There is great farcical potential in the idea of a smalltown shrink who not only knows everybody’s most intimate problems but also tells everyone else about them, but “Mumford” scarcely begins to fulfill it. Far too polite and genteel, this comedy about a fraudulent psychologist with unorthodox but beneficial couchside manner sees writer-director Lawrence Kasdan operating on only a fraction of his cylinders. Buena Vista release generates a few chuckles along the way, but it’s neither funny, heart-warming nor star-powered enough to motivate the public to turn out in very large numbers.
Juicy black-and-white faux film noir opening instantly puts one in mind of Kasdan’s debut picture, “Body Heat,” which in turn recalls the strong work Kasdan can deliver when he’s on his game. But it turns out that this tough guy intro is merely a fantasy being related by Henry Follett (Pruitt Taylor Vince), the town’s tubby, bald and bespectacled pharmacist, to Dr. Mumford (Loren Dean). Mumford, who just happens to share his name with the town, has been here for little more than four months and already has more patients than do the local shrinks of longstanding, Drs. Ernest Belbanco (David Paymer) and Phyllis Sheeler (Jane Adams).
The secret to Mumford’s success seems to have something to do with his empathetic listening skills and matter-of-fact frankness, his willingness to calmly point out his patients’ foibles and how they’re fooling themselves. This is certainly true with Althea Brockett (Mary McDonnell), a mail-order shopaholic, and Nessa Watkins (Zooey Deschanel), a faintly rebellious teenager.
But in unusual cases, and the only ones in the picture that become remotely interesting, the doc extents himself in special ways. Skip Skipperton (Jason Lee) is a high-tech multi-billionaire who is single-handedly responsible for Mumford’s robust economy but still rides his skateboard through town, says “far out” in virtually every sentence and hires the shrink to hang out, play catch and just be his friend. He could also use help in finding a girlfriend, since he’s never had a successful relationship.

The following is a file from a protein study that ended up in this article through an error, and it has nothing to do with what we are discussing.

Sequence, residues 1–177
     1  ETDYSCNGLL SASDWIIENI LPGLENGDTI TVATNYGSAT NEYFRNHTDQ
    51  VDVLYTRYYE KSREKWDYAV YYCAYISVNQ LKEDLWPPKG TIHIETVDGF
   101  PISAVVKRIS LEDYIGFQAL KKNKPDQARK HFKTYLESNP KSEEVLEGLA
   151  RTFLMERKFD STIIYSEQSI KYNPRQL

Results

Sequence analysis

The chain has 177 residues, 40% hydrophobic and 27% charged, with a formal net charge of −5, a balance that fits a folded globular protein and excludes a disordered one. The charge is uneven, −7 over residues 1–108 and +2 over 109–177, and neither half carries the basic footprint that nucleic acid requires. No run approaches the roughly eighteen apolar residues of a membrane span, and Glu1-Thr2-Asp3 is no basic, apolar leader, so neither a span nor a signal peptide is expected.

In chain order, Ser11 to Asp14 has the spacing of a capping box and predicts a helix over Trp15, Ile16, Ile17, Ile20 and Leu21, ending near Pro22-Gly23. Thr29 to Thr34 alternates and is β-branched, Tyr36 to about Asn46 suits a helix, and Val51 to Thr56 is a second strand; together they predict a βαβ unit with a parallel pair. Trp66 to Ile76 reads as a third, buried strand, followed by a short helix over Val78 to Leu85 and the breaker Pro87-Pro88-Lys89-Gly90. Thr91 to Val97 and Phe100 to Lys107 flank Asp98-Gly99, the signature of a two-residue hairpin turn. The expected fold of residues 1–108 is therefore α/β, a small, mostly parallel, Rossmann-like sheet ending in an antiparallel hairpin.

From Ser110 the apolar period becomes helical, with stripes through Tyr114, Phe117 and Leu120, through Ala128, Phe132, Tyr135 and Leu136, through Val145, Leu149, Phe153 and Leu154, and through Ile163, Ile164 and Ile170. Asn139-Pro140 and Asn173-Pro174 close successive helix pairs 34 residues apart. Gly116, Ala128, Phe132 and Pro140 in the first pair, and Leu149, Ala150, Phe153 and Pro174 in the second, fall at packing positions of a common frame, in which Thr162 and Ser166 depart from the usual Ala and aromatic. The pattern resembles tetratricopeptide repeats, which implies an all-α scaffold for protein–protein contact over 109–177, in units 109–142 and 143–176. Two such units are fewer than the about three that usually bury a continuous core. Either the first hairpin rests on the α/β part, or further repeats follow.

Even more appealing to Mumford is Sofie Crisp (Hope Davis), an attractive young divorcee so overcome with what she believes is Chronic Fatigue Syndrome that she can barely leave the house. Mumford’s creative solution is to hold sessions while taking her on long walks just get her moving again. They also begin falling in love.
Given the rather extraordinary absence of conflict and excitement in all of this, Kasdan throws in a little melodrama involving Mumford’s lack of proper medical credentials. Leading the effort to expose the fraud is mean-spirited attorney Lionel Dillard (Martin Short), apparently the only patient ever dissatisfied with Mumford’s techniques.
There is really very little more than this going on in the film but, if anything, Kasdan’s direction here is even less energized than his writing. Despite the widescreen format, visuals and cutting have a very TV feel; most scenes feature just two characters, often in the doctor’s office, shown in very elementary cross-cutting. Lenser Ericson Core’s images lack vibrancy, with the colors often somewhat murky and unattractive.
Performances are just okay, far from inspired; everyone, in front of and behind the camera, has done much more energized and creative work on previous occasions. Dean’s low-key approach is a plausible and generous choice since it allows his numerous costars to grab the spotlight whenever they’re on, but all the same it’s not too exciting. Thesp here bears an uncanny resemblance to a young Charles Grodin. Lee’s winning personality comes through loud and clear, and Davis does an agreeably underplayed job. Alfred Woodard is in briefly as Mumford’s landlady, café owner and potential new friend to Skip.
Pic, which has to be one of the mildest R-rated films ever, was shot in Sonoma and Napa counties.